Yesterday, Howard Kurtz wrote
a sad-sack column about the death of the legitimate entertainment critic. “It can be revealing to find out what people like you, uncredentialed as they may be, think about the new Meryl Streep movie, Philip Roth novel or noodle joint down the street. But why does that supplant the need for full-time reviewers?”
Kurtz’s column follows hot on the heels of a smiley-weepy piece by A.O. Scott in the New York Times
, entitled “A Critic’s Place, Thumbs And All.” His conclusion is that arts criticism will always be around, since “The future of criticism is the same as it ever was. Miserable, and full of possibility. The world is always falling down. The news is always very sad. The time is always late. But the fruit is always ripe.”
It is linguistic Hegelian dialectics like that A.O. Scott paragraph that tell us why “mainstream” criticism is dying: who the hell wants to read that crap? Kurtz’s piece is whinier, but at least it has the merit of clarity. He hates the common man, and he thinks that even though the common man may give you better advice on whether or not to see a movie, that common man is still common. There’s a refreshingly honest elitism in Kurtz’s commentary.
For Scott, it’s all about being vague enough to never be quite wrong (or quite right). It’s about not having to take a stand. Take, for example, his review of Date Night this week
. “It must be said that ‘Date Night’ … is superior to most recent movies of its kind, the marital action comedy.” So I should see it, right? Not so fast. “This is not saying much: better than ‘The Bounty Hunter’ or ‘Did You Hear About the Morgans?’ is not quite the same as ‘good.’” Okay, fair enough, so I’ll skip it. But wait – not so fast. The movie “does have moments of pleasant mischief.” But it also “tread[s] water for 90 minutes.” In the end, we’re left with a sense that Scott doesn’t really feel we should see the movie, but he’s not going to just tell us that straight out.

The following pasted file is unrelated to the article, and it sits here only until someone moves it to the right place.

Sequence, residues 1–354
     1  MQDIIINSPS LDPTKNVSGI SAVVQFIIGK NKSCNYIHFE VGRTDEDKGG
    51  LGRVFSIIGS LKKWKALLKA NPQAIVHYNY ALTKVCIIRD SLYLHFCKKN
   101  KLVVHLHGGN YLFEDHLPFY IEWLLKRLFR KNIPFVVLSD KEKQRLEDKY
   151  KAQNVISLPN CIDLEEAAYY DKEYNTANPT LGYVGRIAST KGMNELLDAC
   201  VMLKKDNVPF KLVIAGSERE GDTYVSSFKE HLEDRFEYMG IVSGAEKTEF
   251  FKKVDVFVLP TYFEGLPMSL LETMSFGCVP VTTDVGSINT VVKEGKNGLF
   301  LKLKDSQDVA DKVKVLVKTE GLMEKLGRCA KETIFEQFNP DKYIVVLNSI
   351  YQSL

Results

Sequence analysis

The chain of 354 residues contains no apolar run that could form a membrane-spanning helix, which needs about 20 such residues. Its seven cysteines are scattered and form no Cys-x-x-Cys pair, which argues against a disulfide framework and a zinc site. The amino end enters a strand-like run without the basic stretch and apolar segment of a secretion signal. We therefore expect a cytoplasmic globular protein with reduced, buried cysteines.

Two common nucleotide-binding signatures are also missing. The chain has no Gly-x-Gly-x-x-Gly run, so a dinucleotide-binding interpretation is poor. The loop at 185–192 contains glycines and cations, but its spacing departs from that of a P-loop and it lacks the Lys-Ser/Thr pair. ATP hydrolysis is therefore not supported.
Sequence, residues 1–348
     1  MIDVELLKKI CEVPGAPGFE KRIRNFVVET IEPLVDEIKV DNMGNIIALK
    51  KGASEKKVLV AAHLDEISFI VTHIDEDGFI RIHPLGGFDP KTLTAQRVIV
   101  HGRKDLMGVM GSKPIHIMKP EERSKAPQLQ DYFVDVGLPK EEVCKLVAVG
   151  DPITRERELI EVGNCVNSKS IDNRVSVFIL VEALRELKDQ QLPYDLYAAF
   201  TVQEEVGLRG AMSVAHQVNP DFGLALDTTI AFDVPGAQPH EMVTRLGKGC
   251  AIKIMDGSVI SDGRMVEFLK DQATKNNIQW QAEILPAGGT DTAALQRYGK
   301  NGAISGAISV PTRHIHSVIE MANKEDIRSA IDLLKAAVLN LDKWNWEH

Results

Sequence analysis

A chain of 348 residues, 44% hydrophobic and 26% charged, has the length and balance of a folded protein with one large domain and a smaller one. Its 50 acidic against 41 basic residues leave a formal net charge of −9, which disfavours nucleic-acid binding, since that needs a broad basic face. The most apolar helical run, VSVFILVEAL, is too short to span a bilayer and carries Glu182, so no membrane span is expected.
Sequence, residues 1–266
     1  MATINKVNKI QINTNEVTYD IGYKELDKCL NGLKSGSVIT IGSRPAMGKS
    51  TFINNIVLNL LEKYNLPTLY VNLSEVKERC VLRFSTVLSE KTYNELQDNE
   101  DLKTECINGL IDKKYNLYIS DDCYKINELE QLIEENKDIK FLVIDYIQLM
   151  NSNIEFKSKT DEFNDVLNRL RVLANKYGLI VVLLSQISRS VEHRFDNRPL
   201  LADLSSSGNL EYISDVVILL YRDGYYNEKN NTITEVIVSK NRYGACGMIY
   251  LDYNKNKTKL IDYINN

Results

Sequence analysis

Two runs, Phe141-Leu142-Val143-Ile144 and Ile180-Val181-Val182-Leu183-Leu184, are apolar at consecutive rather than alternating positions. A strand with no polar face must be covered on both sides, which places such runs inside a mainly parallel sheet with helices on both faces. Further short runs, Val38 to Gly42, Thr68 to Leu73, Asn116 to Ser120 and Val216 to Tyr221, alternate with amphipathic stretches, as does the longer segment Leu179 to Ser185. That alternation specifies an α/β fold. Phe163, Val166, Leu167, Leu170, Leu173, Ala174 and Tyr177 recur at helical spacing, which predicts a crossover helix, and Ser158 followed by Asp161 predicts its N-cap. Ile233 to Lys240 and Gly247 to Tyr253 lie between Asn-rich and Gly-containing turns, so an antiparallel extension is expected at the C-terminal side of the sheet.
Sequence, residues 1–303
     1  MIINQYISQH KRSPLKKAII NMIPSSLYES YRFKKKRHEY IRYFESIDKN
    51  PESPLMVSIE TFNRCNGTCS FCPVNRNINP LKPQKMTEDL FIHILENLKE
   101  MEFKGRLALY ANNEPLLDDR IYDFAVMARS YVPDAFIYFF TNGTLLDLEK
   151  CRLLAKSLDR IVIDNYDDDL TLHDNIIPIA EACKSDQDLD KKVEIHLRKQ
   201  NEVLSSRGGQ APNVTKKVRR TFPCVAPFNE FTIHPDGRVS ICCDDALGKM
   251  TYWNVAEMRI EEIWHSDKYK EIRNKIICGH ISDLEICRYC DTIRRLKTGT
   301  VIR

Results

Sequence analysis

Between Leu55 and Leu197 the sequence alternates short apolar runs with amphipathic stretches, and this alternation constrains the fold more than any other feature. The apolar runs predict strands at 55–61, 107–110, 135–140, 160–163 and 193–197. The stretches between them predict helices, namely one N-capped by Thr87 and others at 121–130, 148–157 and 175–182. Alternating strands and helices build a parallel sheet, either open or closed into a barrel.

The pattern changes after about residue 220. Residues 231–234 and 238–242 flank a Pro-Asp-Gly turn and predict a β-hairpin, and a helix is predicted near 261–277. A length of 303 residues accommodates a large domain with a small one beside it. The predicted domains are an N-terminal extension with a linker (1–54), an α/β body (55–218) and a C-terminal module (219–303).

Which is, of course, all we really want. When we read critics, we want to know the answer to one simple question: was it worth spending my money? That was the charm of Siskel and Ebert – they told us in a simple manner whether we should go see a movie or not. Thumbs up or thumbs down. Not thumbs sideways, with a touch of wiggle in the first knuckle.
The truth is that Scott is not nearly the worst practitioner of this trade. There are others who make him look positively Manichean in his movie views (see Turan, Kenneth, who is fond of words like “droll,” “diverting,” and “elliptical” and phrases like “dark pearl” -- blech).
The bigger problem even than critics’ refusal to criticize
is the elitism that Kurtz represents. Three words: Lost In Translation
. Nobody has ever liked that movie. Ever. Nobody. In the history of mankind. Not a single human being. I have a review for Lost In Translation
that is actually shorter than the title of the movie itself. Two words: living death. It tells you all you need to know. You shouldn’t see it, and if you do, you should ensure that you have a defibrillator on-hand.
So what did our esteemed critics think of Lost In Translation
? Among RottenTomatoes.com “Top Critics,” the movie received a 98%
positive rating. By way of contrast, RottenTomatoes.com “Top Critics” gave Casablanca
86% (granted, the sample size is far smaller). The insufferable Richard Corliss of Time
said that Lost In Translation
“revels in contradictions. It’s a comedy about melancholy, a romance without consummation, a travelogue that rarely hits the road.” Or, more accurately, it’s a comedy without laughs, a romance without love, and a travelogue without travel. Only critics love the internal contradictions of banality.
David Rooney of Variety
agreed with Corliss, however: “the film’s deft balance of humor and poignancy makes it both a pleasurable and melancholy experience.” Peter Travers predicted, “Bill Murray and Scarlett Johansson give performances that will be talked about for years.” Not so much, Peter – the only performance anyone still talks about with regard to that piece of dreck is Johansson’s butt’s performance during the opening credits.
It is judgment like this that leaves us breathless for the blogosphere. We want recommendations from people who actually watch movies for the pleasure of watching them, not from people who watch movies so they can brag to their friends about how subtle and nuanced they are.
Good criticism doesn’t have to die. It requires only the courage of conviction, and even more so, honest critiques that reflect the movies reviewed rather than the self-aggrandizement of the reviewers. After all, the movie business isn’t about the critic – it’s about the movies and the viewers. The moment critics lose sight of that all-important fact, they cease to be of value.